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3 indicted for providing drugs that led to rapper Mac Miller's overdose death

3 indicted over Mac Miller's overdose death

Three men arrested during the investigation into rapper Mac Miller's deadly overdose last year have been charged with giving the drugs that killed him, according to U.S. prosecutors. The grand jury indictment, unsealed in Los Angeles on Wednesday, accused the men of conspiring and distributing cocaine and oxycodone pills laced with fentanyl that caused Miller's death in September 2018.

Cameron Pettit, Stephen Walter and Ryan Reavis were previously charged with drug-related offenses. Wednesday's charges add the allegation that their drugs led to Miller's death.

All have been arrested in recent weeks and remain in custody; none of them have entered a plea. Attorneys for Pettit and Walter declined comment to The Associated Press. It's unclear if Reavis has a lawyer.

Miller, 26, died of an accidental overdose of the powerful opioid fentanyl, along with cocaine and alcohol. Fentanyl has contributed to an epidemic of opioid abuse in the U.S. that has claimed thousands of lives, including those of other musicians, like Prince.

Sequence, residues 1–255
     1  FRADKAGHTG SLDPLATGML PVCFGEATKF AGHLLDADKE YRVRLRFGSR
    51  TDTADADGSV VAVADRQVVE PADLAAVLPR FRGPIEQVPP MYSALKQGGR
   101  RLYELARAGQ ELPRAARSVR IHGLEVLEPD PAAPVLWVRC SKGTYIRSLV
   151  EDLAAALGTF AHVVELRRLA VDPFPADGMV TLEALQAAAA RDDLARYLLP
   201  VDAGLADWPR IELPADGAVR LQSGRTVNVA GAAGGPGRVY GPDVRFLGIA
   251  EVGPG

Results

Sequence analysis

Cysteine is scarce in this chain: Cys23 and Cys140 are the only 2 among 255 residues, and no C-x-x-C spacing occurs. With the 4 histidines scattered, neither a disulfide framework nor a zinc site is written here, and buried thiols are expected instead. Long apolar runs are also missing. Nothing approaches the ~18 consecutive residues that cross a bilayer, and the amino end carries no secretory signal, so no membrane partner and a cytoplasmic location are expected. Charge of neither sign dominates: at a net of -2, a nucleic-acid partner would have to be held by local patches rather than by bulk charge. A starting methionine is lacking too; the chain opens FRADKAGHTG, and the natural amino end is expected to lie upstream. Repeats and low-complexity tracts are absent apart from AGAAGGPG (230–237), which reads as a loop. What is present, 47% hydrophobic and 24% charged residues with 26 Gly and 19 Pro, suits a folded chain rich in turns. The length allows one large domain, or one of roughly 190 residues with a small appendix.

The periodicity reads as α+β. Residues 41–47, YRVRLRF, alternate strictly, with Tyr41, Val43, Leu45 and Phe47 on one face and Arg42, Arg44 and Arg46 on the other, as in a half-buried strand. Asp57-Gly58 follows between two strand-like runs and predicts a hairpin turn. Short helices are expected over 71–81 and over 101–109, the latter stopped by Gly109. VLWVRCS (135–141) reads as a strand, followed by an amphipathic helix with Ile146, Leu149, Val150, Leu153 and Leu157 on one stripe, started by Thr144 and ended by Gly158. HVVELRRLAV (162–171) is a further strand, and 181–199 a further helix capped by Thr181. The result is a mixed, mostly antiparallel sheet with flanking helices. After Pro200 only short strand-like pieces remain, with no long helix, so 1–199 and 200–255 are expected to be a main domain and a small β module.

Mac Miller
Mac Miller seen July 22, 2017, in Martindale, Texas.  Getty

The men face a mandatory minimum sentence of 20 years in federal prison and the potential for life without parole if convicted of either of the charges related to Miller's death.

Pettit and Walter, who was also charged with being a felon in possession of ammunition, were scheduled to be arraigned on the new charges October 10. Reavis, who was arrested last week in Arizona, does not have an arraignment date set yet.

The indictment alleges the men continued to distribute drugs through August 2019.

The Pittsburgh native, whose real name was Malcolm James Myers McCormick, was a beloved and respected figure among fans, including some of the biggest names in hip-hop. Miller's beats and rhymes often featured frank expressions of drug use and depression.

Mac Miller and Ariana Grande
Mac Miller and Ariana Grande seen March 4, 2018. Getty

The indictment alleged Walter supplied the fentanyl and cocaine that Pettit sold to Miller and that Reavis, who lived in the Los Angeles area until earlier this year, acted as a middleman for the fentanyl sale.

Pettit on September 5, 2018 sold Miller cocaine, Xanax and 10 blue pills that appeared to be oxycodone but contained fentanyl after the two had exchanged text messages a day earlier, according to the indictment.

In the texts, Miller proclaimed his love for oxycodone, or "percs" for the brand name Percocet, and also asks for "bars" of Xanax and a "ball" of cocaine, according to a previous court filing. Miller also asked Pettit, "When can u get em?" according to previous court filings.

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